Tuesday, September 20, 2011

Gay Pride Sunday--Remembering the Day AIDS Came to Church

"Why do I want to tell it 
It was the afternoon of November
15th last fall and I was waiting
for it whatever it would  be like

it was afternoon & raining but it:
was late afternoon so dark outside my
apartment and I was special in that
I saw everything through a heightened
tear, things seemed dewy, shiny
and so I knew there was a cave
it was more of less nearby as in my
apartment it was blue inside it

dark blue like an azure twilight and the
gods lived in the cave they who
care for you take care of at death and
they cared for Ted and were there for me
too and in life even now"
   --Paul Monette, "Poem"

(Sunday was Gay Pride Day across the nation. Interesting that finally, after all these years, we have the courage to bury "Don't Ask...Don't Tell" and treat all our troops the same. Justice is slow and it is a long time coming--always. Ask our black brothers and sisters. I wrote this piece last year on Gay Pride Sunday. I repeat it because it says a good word for a church that reached up and claimed it's heritage of justice for all. So, on this day I remember all the brave soldiers that have gone before and all those in that tiny congregation that were faithful to their commitment.)

On this Gay Pride Day memories swirl. As a minister I have said goodbye to a great many gay men through the years. My own education began as the AIDS epidemic was raging. One of my church members, a Pastoral Counselor called me one day. “ I have been talking to a woman whose son has AIDS. He lives in California and is moving to Birmingham because he is so sick. His mother feels that her church wouldn’t accept him. She is looking for a church that would treat him just like everyone else. Do you think our church could do that?” I remember whispering: “I would hope so.” I asked my Counselor-friend to have the mother to call me and we would talk. She called, told me their story and wanted to know if they would be welcomed in our congregation. I told her I thought they would.

So she came and joined. Weeks later her son, Kevin moved into her house so she could take care of him. He visited church one Sunday and it was very clear that he was sick. I wondered how people would respond. Well, they rose to the occasion. They welcomed him as they had his mother. A Sunday school class took him in and he became a part of their class.

He lived less than a year. Slowly he began to slip away. The church surrounded this family. We prayed for them, took food, sat with Kevin so his mother could take a break. When he was so very sick his Sunday school class visited around his bedside on a Sunday morning. They brought communion with them—little tiny wafers and a vial of wine. Kevin had eaten very little those last days. But he asked for Communion and the class gathered around his bed and they took the Lord’s Supper. It was the last food he ever had by mouth. A day or two later he slipped away.

At his funeral our church was there in full force. Little blue-haired ladies surrounded the mother and wiped away their tears. There were a lot of gay folk that attended that service. They whispered to one another: “Is this a Baptist church? It couldn’t be.” Weeks later some of those same people appeared on a Sunday morning. They kept coming back. And one by one they joined our congregation.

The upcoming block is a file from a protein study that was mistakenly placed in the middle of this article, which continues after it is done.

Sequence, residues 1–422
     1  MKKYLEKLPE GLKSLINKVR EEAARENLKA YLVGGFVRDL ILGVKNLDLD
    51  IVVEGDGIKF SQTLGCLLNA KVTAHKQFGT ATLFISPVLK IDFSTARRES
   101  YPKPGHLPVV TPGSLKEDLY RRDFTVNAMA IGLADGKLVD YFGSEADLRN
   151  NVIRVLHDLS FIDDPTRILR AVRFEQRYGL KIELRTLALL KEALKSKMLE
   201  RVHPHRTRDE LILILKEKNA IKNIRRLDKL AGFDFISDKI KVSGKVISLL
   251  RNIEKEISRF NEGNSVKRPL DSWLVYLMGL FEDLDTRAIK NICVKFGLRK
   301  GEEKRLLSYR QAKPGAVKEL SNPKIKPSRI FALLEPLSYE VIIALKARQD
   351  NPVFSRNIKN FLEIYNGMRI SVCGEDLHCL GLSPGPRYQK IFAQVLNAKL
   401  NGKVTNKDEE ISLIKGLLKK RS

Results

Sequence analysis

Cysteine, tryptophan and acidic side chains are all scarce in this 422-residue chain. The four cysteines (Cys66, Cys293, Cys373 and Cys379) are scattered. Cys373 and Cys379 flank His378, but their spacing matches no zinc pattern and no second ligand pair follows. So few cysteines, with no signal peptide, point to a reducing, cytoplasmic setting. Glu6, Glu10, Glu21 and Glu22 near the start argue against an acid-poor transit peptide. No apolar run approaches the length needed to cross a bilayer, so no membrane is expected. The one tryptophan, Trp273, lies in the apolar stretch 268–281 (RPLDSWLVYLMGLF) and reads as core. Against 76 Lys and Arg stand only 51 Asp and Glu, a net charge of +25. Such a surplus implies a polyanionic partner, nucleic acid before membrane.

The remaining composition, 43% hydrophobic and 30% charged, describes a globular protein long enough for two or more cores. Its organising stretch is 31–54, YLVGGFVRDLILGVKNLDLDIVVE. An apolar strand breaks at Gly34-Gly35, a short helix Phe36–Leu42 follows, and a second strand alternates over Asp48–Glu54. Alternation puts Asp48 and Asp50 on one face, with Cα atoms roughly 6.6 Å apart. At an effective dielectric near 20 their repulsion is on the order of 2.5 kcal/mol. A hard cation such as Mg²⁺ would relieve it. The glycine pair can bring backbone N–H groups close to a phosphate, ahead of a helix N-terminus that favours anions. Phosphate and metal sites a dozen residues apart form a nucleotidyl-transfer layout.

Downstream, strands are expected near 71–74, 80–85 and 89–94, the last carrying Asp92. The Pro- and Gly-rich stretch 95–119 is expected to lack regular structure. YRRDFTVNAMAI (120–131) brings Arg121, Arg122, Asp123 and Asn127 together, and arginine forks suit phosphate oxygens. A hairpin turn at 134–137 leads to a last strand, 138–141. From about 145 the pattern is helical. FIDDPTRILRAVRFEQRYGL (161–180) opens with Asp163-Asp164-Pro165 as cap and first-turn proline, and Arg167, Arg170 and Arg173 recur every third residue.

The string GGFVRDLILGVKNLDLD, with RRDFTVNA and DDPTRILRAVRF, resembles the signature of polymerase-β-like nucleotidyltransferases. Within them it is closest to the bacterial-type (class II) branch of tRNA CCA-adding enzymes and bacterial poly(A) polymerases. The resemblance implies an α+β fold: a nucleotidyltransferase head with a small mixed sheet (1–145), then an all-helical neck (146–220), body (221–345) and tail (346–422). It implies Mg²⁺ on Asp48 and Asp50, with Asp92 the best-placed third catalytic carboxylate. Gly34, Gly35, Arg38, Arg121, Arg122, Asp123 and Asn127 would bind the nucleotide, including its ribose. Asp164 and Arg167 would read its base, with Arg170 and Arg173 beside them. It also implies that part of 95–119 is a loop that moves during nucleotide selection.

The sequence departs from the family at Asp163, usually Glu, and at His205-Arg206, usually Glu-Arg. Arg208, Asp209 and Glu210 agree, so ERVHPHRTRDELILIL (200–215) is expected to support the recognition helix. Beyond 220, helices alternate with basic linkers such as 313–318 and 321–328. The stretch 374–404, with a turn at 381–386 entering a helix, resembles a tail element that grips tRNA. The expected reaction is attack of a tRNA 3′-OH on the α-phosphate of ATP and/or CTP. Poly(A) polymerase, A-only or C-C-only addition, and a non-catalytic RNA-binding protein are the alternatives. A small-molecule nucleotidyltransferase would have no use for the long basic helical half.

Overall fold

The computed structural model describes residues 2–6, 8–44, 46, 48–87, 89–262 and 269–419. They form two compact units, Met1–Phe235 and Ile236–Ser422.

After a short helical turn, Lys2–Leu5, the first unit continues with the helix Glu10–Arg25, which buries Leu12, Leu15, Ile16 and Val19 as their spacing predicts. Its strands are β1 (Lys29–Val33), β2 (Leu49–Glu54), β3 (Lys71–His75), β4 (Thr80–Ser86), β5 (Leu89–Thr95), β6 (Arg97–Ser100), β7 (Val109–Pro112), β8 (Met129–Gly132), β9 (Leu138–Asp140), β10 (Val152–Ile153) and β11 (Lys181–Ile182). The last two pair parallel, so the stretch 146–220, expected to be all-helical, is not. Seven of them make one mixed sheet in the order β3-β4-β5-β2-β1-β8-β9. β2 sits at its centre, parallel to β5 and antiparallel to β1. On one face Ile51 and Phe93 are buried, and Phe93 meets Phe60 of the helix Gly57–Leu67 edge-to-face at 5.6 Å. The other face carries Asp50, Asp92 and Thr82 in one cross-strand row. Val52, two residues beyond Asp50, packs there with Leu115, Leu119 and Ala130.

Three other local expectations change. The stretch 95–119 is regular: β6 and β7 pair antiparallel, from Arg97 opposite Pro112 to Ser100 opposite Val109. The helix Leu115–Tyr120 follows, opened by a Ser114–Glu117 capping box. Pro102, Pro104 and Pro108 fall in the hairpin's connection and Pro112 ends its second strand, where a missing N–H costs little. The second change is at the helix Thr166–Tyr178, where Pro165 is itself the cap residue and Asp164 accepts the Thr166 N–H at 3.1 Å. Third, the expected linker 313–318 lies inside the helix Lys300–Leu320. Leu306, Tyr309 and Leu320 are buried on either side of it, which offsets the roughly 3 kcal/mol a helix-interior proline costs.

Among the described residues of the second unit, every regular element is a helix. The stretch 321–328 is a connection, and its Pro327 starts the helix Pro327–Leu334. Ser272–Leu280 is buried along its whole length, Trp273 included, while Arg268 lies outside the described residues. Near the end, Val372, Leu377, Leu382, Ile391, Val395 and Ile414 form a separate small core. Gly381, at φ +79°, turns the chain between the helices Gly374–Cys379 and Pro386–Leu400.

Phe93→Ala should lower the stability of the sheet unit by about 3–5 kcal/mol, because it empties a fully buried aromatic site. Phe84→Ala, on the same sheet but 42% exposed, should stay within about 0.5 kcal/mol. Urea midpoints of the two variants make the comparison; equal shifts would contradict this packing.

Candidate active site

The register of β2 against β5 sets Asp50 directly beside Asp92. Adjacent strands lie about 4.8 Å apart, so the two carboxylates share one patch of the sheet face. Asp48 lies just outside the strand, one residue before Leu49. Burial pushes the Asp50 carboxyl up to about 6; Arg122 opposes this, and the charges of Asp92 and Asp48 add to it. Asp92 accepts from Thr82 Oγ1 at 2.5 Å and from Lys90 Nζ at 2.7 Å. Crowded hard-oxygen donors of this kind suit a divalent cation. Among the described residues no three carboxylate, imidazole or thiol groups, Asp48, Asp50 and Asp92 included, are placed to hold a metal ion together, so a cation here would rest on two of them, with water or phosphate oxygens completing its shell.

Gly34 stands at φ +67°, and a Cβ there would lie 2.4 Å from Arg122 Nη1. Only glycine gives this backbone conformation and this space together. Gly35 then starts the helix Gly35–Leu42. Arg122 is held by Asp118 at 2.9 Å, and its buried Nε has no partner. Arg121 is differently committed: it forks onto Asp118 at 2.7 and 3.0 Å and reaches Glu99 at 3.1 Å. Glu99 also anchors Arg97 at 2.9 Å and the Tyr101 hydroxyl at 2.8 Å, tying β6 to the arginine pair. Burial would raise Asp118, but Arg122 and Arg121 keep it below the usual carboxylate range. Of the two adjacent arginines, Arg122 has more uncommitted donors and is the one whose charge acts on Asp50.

This was a sea change for our little church. Some began to mutter, “Is this going to become a gay church?” One family walked into my office, stuck their fingers in my face and said, “What are you going to do about these homos?” I told them I was going to treat everyone the same and we would turn no one away. Our church pulled out of another Baptist church years before because that church refused to receive black people into their membership. So I told this irate family, “If we don’t keep these doors open for everyone—we will be dead in five years. A church of open doors is who we are.” We lost a few members at this hard time—yet the church kept welcoming all that came.

One of our Choir members told about the promise he had made to his dying mother. He told her he would sing, “Amazing Grace” at her funeral. When she died the woman’s pastor told this son because he was gay he could not sing at that funeral in that church. So they moved the service from the church to a funeral home and the young man kept his promise to his mother. I heard heart-breaking story after heart-breaking story.

Our church formed Care teams and took meals on wheels to people with AIDS. We welcome a little black baby with AIDS into our nursery. Slowly the church began to see that our gay members were just like everyone else. Several congregants served on boards that dealt with gay concerns.

That was in the mid-nineties and if you were to visit that church today you would find a great many gay folk in a multitude of leadership positions. It did not become a gay church. It was just a Church—a church with enough courage to open it’s arms to everyone. People there do not now think in terms of who is straight and who is gay. They are simply people who are struggling to find their way and help each other.

And so, on this day I remember Kevin and his mother Carole. They forced us to deal with an issue that was extremely volatile at that time. They left indelible fingerprints on that congregation. And so today as people march across this country for gay rights—I remember Kevin and the battle he waged and how he helped us open our doors a little wider.

We still have a long way to go. Much of the church still cannot face this issue of homosexuality. Yet step-by-step we are getting there. One day I hope I see a time when everyone who steps into a church and sits down will feel safe and welcomed. Kevin helped teach me and our church this lesson. And so on Gay Pride Sunday I remember.

1 comment: